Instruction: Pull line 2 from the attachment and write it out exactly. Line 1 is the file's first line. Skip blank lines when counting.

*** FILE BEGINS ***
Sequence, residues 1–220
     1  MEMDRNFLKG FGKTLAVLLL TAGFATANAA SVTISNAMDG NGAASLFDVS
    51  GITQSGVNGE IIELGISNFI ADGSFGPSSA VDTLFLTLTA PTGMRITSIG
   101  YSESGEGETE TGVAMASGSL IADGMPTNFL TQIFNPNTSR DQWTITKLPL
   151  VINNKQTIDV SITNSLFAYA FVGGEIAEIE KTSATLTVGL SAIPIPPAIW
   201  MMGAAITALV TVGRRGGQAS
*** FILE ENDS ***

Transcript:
     1  MEMDRNFLKG FGKTLAVLLL TAGFATANAA SVTISNAMDG NGAASLFDVS